Romans 3:3 (NASB), “What then? If some did not believe, their unbelief will not nullify the faithfulness of God, will it?” Here we see the attribute of some men, unbelief, contrasted with the on going attribute of God’s “faithful faith” or faithfulness.

    Galatians 5:22 (NIV), “But the fruit of the Spirit is love, joy, peace, patience, kindness, goodness, faithfulness….” Here we see the on going attribute of “faithful faith” or faithfulness as the fruit of our indwelt Holy Spirit. Hence the on going attribute of faithfulness is sustained, at least in part, by our indwelt Holy Spirit.

    And now with all that as preamble, let me turn to the heart of the matter.

    1 Corinthians 13:2 (NASB), “And if I have the gift of prophecy, and know all mysteries and all knowledge; and if I have all faith, so as to remove mountains, but do not have love, I am nothing.” As we all know, the message of this chapter is that having the attribute of love is greater than anything else we might possess, even the ability to wield God’s power through “faith.” But my purpose here is to explore an ancillary concept, having “all faith” such that we can wield God’s power.

    Many of us have sat through sermons where it was asserted that if we believe enough, if the strength of our faith is strong enough, then whatever we ask will be granted to us. And so, when faced with a dying loved one, we pray, even to tears, and yet our loved one dies. What are we to think? That we did not believe God could heal our loved one? Or that we did not believe strongly enough? That our faith was too little? I believe all of that misses the mark!

    In Matthew 17:20, Jesus says in answer to a question about the seeming lack of power of his disciples to cast out a demon, Because of the littleness of your faith; for truly I say to you, if you have faith as a mustard seed, you shall say to this mountain, Move from here to there, and it shall move; and nothing shall be impossible to you.” Jesus repeats this message again in Matthew 21:21-22, “Truly I say to you, if you have faith, and do not doubt, you shall not only do what was done to the fig tree, but even if you say to this mountain, be taken up and cast into the sea, it shall happen. And all the things you ask in prayer, believing, you shall receive. Mark 11:23-24 words the same message this way, “Truly I say to you, whoever says to this mountain, Be taken up and cast into the sea, and does not doubt in his heart, and believes that what he says is going to happen, it shall be granted him. Therefore I say to you, all things for which you pray and ask, believe that you have received them, and they shall be granted you.” Luke presents yet another version of a similar message in Luke 17:6, “if you have faith like a mustard seed, you would say to this mulberry tree, “Be uprooted and be planted in the sea”; and it would obey you.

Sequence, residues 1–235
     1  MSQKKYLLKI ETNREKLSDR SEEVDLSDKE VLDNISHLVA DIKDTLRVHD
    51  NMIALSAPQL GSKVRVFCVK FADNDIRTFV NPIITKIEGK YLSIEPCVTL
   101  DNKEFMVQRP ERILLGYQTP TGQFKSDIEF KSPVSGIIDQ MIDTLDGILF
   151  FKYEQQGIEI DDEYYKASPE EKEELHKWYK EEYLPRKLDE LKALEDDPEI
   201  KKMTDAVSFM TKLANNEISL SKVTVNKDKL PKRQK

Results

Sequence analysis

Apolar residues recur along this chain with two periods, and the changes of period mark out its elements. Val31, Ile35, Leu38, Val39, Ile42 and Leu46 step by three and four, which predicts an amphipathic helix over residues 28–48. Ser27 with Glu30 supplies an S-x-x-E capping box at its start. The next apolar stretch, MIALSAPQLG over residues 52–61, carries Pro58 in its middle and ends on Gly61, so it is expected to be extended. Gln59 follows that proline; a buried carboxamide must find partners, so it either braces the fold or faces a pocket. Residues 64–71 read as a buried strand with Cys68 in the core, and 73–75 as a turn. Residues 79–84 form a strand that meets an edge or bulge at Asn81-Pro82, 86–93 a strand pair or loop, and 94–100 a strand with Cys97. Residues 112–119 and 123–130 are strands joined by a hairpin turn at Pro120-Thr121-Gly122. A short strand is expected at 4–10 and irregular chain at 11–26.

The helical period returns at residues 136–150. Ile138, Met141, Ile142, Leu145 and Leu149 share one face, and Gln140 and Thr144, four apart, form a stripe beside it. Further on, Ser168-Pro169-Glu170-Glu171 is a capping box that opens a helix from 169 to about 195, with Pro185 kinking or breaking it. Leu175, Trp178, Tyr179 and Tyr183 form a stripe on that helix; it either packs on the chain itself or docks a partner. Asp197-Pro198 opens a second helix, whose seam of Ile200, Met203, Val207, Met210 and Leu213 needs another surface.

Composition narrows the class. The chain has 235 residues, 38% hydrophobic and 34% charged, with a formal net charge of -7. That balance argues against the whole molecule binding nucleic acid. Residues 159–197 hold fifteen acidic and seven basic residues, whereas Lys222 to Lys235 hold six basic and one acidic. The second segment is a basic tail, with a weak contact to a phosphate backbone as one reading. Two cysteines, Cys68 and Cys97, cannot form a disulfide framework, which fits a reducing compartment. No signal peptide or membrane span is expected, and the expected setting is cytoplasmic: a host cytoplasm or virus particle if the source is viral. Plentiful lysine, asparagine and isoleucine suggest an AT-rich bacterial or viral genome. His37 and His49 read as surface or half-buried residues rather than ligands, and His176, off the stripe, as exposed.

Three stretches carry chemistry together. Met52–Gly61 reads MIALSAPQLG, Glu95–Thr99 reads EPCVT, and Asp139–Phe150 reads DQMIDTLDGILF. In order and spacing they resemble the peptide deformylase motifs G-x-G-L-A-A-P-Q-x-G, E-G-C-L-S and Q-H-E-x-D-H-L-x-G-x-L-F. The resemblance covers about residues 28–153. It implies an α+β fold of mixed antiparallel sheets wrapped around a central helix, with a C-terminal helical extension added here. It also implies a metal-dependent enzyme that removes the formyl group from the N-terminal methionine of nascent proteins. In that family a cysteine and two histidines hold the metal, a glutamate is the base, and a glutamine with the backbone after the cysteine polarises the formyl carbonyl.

The first question to ask is what attribute does a mustard seed have? It is the smallest in size of the seeds common to the area. But, like all the larger seeds, it follows its programming, its DNA, and replicates its kind. So locked up in a small seed is the power to become like its originator. So rather than thinking of having “all faith” as having a great deal of “wishing power” I think the idea is having the power to become like its originator. So when we are told to have faith as or like a mustard seed, we are told to become as faithful as Christ, in whom we were born again. What is God’s will for the dying person? To call him or her home, or to give more time? When you prayed, did you know God’s will in that specific circumstance? So did you ask for what was in your will, and what you hoped was in God’s will? How did the sinless Christ pray? Your will be done! So we are to ask God for what we want, as long as it seems to us to be in accord with God’s will, but if we claim we know God’s specific plan for the future, without a doubt, we are ignoring that we are not a prophet. Jesus did not impose His will upon the future unless it was in accord with His Father, and if we have faith like a mustard seed, we will follow His example.

    Which is greater, to perform sign and wonder miracles or to present Christ to others - To cast a tree into the sea or to help pull a lost soul from the realm of darkness? To have it your way or become Christ-like?

    Bottom line, I you have the faithful faith of a mustard seed, you will become like Christ, and like Christ, when you ask in the will of the Father, it will be granted unto you. God bless.
     
    #10 Van, Aug 24, 2011